We’ve also enjoyed the simple, fresh food of Chile.
Ceviche is a delicious local speciality made with raw fish marinated in citrus juices and spiced with chilli peppers, onions, salt and coriander. Fish along the coast is plentiful, served in big portions, simply fried or grilled.
We really like a local white fish called Reineta that often features on a Menu del Dias (daily lunch menu). Our favourite meal was in a small family cafe on the beach where reineta, chips and salad together with a bottle of good Chilean Sauvignon set us back only £10 each.
Every roadside stall we cycle past sell Empanadas (pastie style pies) and Pan Amasado (homemade bread), staple foods in Chile. And that Mote con Huesillo (peach and husked wheat drink) we tried in Santiago is everywhere!
Fresh fruit is so plentiful. Look at the label on your blueberries, strawberries and avocados and there’s a very good chance they’ll be imported from Chile at this time of year.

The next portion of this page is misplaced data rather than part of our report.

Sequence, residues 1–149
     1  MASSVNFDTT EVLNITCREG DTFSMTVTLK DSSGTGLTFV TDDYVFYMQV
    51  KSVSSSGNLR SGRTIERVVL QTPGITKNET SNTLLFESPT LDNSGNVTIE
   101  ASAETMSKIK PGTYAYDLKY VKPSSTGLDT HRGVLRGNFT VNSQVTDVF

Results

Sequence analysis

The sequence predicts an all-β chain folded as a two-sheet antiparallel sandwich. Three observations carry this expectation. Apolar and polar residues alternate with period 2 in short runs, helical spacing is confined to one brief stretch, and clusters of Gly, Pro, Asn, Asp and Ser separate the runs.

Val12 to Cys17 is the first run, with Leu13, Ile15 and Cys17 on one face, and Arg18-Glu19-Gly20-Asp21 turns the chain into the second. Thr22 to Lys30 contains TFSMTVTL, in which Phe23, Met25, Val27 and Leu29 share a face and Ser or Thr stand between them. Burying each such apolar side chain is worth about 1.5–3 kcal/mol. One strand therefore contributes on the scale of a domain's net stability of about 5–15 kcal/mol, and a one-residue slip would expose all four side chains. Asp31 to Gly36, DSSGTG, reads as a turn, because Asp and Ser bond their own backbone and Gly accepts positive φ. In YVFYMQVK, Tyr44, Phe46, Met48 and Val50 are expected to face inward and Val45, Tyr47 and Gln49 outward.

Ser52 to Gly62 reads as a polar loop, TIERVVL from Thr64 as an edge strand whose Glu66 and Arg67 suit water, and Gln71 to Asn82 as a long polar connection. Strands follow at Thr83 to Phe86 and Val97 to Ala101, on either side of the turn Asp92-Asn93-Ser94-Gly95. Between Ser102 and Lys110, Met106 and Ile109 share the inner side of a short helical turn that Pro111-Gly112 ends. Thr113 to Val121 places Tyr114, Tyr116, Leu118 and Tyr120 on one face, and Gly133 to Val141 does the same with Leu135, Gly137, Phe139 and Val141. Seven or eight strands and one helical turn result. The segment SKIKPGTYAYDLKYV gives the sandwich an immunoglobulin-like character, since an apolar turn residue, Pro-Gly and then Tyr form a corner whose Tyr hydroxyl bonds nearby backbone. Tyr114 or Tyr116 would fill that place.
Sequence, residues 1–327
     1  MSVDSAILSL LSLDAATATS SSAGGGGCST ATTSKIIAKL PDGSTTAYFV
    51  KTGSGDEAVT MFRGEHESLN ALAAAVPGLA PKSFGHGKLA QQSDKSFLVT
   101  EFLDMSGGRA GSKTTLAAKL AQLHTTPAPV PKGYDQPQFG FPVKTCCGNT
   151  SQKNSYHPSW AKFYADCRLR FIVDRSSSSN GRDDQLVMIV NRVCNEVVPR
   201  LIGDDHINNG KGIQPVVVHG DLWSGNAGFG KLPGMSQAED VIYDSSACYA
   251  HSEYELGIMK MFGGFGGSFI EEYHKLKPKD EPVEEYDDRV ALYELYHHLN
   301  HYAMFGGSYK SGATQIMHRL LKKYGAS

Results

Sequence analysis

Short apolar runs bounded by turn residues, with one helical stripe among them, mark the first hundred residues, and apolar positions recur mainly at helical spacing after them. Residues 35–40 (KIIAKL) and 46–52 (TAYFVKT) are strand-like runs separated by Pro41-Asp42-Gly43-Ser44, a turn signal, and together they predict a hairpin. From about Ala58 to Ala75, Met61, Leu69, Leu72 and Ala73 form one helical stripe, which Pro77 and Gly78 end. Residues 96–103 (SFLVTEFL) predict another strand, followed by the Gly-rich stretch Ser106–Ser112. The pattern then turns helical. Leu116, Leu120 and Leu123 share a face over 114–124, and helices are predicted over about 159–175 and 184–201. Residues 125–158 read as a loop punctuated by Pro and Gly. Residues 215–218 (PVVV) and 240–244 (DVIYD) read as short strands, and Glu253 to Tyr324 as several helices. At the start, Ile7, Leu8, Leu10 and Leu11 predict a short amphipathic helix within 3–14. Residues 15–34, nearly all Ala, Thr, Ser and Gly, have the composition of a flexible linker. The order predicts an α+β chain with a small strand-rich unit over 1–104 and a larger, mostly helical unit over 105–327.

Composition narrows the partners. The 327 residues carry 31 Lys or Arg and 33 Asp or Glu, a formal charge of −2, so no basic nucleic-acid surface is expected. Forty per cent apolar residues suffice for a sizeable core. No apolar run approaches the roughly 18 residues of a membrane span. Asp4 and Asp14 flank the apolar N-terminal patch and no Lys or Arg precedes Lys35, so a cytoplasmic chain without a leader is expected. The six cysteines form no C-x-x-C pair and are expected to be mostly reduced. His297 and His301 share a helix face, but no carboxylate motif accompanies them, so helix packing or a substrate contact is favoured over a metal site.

Tumbling down precipitous mountain slopes to the sea in a mass of uncontrolled curls, it’s fair to say that the city of Valparaíso has never needed a hairdryer.
“Valparaíso, how absurd you are … you haven’t combed your hair, you never had time to get dressed, life has always surprised you.” Pablo Neruda, Chilean poet and Nobel prize winner
Valpo is one of the most extraordinary places we have ever visited.
It grew as a welcome rest stop for 19th century steamers on their way to the California Gold Rush and was built by the passengers that loved it so much, they decided to stay. But the boom was short lived as it was almost destroyed by a devastating earthquake in 1906 and worse, by the opening of the Panama Canal.